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Southern Spaces
A journal about real and imagined spaces and places of the US South and their global connections

The War the Slaveholders Won: Indian Removal and the State of Georgia

University of Georgia
Published March 15, 2016


In October 2015, the Michael C. Carlos Museum debuted "Indigenous Beauty: Masterworks of American Indian Art from the Diker Collection," a major exhibit accompanied by four invited public lectures. Dr. Claudio Saunt's November 10, 2015, lecture explored Georgia's role in Indian Removal policies that expelled 100,000 people from the Southeast in the 1830s.


About the Speaker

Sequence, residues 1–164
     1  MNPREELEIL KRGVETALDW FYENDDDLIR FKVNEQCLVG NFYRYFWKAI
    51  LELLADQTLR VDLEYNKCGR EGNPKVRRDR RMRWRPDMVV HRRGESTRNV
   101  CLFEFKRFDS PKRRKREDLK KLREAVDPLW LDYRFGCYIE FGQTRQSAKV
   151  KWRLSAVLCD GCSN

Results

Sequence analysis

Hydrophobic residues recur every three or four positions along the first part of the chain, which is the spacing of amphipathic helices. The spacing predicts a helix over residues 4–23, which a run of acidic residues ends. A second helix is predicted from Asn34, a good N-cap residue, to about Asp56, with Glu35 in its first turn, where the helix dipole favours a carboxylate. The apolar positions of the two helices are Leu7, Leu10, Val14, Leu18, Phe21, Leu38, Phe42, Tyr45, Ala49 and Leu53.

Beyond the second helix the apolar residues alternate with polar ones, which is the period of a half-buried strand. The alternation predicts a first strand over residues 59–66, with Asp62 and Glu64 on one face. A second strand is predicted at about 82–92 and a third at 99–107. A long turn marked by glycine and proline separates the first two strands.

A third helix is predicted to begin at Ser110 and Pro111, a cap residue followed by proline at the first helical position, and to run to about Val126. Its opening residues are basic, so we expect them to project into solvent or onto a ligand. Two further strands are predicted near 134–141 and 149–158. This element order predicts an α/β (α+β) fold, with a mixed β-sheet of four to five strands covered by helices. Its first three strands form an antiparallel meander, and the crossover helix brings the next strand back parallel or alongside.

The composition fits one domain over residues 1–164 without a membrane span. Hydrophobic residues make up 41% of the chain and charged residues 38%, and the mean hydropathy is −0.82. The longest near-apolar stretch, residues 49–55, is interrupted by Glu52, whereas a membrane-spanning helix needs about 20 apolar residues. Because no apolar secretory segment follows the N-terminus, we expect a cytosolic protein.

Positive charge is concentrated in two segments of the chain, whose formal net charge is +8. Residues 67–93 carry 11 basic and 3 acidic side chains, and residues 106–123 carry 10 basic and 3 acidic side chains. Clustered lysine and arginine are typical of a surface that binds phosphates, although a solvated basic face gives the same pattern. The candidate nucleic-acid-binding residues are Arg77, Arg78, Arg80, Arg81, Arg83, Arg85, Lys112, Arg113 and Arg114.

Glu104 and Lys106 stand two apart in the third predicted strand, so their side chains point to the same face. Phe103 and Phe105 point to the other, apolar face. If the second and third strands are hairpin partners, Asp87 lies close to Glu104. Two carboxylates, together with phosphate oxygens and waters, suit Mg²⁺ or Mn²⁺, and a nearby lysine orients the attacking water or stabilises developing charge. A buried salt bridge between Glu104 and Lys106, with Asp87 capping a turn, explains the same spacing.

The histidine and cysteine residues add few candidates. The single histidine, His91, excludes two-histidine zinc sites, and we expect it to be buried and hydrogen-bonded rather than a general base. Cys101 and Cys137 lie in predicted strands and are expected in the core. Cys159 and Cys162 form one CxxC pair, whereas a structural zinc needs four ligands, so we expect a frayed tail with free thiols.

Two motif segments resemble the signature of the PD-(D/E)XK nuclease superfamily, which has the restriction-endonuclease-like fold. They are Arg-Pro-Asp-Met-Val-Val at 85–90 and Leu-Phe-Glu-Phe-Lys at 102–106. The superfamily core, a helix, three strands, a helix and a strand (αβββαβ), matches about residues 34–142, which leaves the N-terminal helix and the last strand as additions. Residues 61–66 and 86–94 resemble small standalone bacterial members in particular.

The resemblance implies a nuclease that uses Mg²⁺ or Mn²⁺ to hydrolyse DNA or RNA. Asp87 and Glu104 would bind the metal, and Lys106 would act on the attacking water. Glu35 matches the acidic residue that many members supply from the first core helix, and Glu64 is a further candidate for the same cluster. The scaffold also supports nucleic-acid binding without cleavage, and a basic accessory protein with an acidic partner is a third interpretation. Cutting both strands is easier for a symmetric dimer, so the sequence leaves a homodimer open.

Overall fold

Claudio Saunt is Richard B. Russell professor of American History, co-director of the Center for Visual History, and associate director of the Center for Native American Studies at the University of Georgia. He is currently working on a book on Indian removal. Previous books include West of the Revolution: An Uncommon History of 1776 (New York: W.W. Norton, 2014), A New Order of Things: Property, Power, and the Transformation of the Creek Indians, 1733–1816 (Cambridge: Cambridge University Press, 1999), and Black, White, and Indian: Race and the Unmaking of an American Family (Oxford: Oxford University Press, 2005).

Cover Image Attribution:

"View of posts and distances in the Cherokee Nation, to illustrate Major General Scott's operations in 1838," Letters of General Scott, 1838. National Archives, RG 75, Central Map File, Indian Territory, no. CA 96, NACP.

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